Building a decent custom motorcycle on a slim budget is a tall order. But you know what’s even harder? Doing it with no budget at all—unless your name is Edi Buffon.
Operating as Machine 1867 out of Sydney, Edi’s known for his wildly imaginative machines. This Suzuki GS650 bobber is a typical Machine 1867 build; completely radical, and laden with complex solutions to non-existent problems. And yes, he really did build it without spending a dime (well, almost).
“While contemplating my next build and becoming increasingly busy as my business progressed,” says Edi, “I remembered that I had a Suzuki GS650 in storage. It was a bike I had tinkered with several years earlier, but lost interest in as other projects took priority.”
“I removed the engine and set it up on my fabrication table along with the wheels, and took a step back to contemplate my next move. I decided to set the goal of a zero budget build, by just using what I had on the shelves and making everything else.”
Edi’s first job was to choose between super- or turbo-charging the Suzuki. He settled on a turbo, and then began conceptualizing his build in real time, as is his way.
“I started bending some tubes,” he explains. “This was going to be a rigid frame with the engine as a stressed member. I set the rake at 35 degrees and the wheelbase at 1,550 mm—numbers I’ve used before.”
“As I progressed, the bike revealed itself: my version of a drag bike. I opted for a twin tank setup, as I have done previously, as it is an effective way to hide electrical components.”
“Now that I had a direction, I set about building this thing.”
Edi finished the frame first, then turned his attention to the exhaust and turbo setup. On the right-hand side of the bike is a repurposed Webber carb, sitting atop a handmade manifold. Most of the suck-through turbo system is custom—from the plenum, to the blow off valve and even the nipples for the boost gauge and pressure regulator.
“Real estate was quickly disappearing,” says Edi, “but I managed to mount the external fuel pump under the seat, as well as the tiny battery, which only supplies 12V power to the fuel pump. The bike requires a roller starter as it is a total loss system.”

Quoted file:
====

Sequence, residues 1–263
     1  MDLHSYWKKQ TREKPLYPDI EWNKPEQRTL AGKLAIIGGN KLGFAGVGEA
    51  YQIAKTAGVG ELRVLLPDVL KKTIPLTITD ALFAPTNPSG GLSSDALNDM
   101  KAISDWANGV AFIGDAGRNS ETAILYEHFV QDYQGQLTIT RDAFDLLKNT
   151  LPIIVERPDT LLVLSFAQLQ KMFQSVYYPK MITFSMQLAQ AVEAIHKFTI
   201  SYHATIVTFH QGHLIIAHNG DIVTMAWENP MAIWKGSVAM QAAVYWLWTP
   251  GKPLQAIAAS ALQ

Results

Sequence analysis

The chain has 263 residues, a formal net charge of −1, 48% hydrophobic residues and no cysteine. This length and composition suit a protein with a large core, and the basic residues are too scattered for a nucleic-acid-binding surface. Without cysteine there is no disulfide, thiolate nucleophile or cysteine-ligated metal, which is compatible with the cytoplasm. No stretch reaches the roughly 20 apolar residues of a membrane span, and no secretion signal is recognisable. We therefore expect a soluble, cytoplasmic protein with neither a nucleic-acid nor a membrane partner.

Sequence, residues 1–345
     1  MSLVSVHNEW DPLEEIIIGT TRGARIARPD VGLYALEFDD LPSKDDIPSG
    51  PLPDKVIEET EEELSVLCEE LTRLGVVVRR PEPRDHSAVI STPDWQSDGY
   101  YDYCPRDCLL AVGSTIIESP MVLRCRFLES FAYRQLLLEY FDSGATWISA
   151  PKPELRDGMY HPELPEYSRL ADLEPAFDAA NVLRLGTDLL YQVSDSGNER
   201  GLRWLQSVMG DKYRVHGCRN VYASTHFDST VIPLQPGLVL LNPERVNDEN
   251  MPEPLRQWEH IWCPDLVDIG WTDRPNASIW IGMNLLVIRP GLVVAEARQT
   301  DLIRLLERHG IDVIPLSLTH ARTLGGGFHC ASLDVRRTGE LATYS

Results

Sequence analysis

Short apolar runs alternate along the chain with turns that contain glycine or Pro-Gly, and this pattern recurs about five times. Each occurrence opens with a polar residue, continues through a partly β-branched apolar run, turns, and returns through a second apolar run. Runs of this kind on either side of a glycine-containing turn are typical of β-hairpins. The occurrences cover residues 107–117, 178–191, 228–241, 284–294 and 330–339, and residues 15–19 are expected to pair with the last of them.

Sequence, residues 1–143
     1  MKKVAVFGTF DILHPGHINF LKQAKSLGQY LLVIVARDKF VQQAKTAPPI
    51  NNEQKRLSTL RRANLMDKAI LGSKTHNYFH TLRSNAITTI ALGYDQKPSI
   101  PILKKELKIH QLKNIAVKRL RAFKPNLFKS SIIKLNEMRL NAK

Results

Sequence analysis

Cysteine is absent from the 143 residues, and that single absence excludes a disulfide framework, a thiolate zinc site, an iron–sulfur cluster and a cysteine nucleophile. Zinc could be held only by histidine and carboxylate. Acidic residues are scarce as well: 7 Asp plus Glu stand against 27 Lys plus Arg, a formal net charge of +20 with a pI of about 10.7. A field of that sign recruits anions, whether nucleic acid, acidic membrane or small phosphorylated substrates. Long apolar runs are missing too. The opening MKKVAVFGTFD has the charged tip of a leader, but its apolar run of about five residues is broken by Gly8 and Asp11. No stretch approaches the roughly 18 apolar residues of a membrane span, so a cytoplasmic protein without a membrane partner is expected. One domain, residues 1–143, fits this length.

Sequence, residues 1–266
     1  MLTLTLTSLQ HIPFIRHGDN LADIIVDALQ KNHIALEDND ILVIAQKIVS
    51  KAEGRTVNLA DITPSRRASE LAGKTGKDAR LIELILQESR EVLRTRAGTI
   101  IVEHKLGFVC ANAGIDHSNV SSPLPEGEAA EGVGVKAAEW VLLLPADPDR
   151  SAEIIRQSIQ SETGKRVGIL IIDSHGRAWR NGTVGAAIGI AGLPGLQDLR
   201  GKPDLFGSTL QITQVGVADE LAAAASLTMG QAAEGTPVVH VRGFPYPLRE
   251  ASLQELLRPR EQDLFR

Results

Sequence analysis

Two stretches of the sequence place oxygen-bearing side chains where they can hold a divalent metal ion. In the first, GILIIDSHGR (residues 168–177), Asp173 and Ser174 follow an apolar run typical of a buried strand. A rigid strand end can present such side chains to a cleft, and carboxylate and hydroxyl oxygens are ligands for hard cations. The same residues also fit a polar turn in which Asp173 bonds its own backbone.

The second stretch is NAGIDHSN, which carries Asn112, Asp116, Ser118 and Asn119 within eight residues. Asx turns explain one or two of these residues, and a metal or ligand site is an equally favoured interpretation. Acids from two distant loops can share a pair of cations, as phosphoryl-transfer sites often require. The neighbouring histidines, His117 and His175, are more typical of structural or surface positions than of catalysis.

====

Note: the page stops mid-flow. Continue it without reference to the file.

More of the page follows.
The exhaust system was put together from pieces of the original headers, and pieces of 3” pipe from a box of offcuts. When Edi ran out of 3” pipe, he used some 2.5” sections he had—repurposing a flange from a four-cylinder system to match the different diameters together.
“I aimed the dump pipe and exhaust upwards,” says Edi, “because it looks menacing and impractical—and I had no other option. Now when I squeeze myself into the riding position, I have an exhaust burning and deafening me on my left, induction noise on my right, and stuff poking my ribcage.”
By this point any semblance of practicality had gone out the window. So Edi decided to go all-out with the front end too, fabricating his own take on the Druid girder-style forks made by A. Drew and Co. in the early 1900s. The design is remarkably elegant, and uses a pair of mountain bike shocks that Edi had lying around.
Its svelte appearance belies just how much work went into it, though. “There were quite a few parts and engineering challenges to work out,” Edi explains. “However, this is now my favorite front end setup and I’m sure I will use again it in the future.”
Next, Edi welded a set of handlebars to the forks, then fabricated a set of knurled grips, along with inverted levers for the clutch and throttle. You read that right: this bike uses a lever-actuated throttle. The rear-sets were pieces together from a number of scalped parts.
Edi’s last major fabrication job was the GS650’s new split tanks. “I had no design in mind,” he says, “just a simple shape to follow the top backbone. I like that you can see the reflection of the engine in the bottom panel.”
Edi polished up the twin tanks, painted the custom tail section and forks black, then experimented with a chemical bluing process on the frame and various fittings. When it came to the final assembly and plumbing, he chose to put all of the fuel and vacuum lines on display, to add to the bike’s mechanical aesthetic.
He did eventually have to crack open his wallet though, to pay for upholstery and some ceramic coating work. “Money well spent,” he admits.
Most of us wouldn’t be able to conceive a build this outrageous—let alone create it with nothing but talent and a few leftover parts. Edi is nothing short of a true custom motorcycle wizard.
Machine 1867 | Instagram | Images by Andrew Jones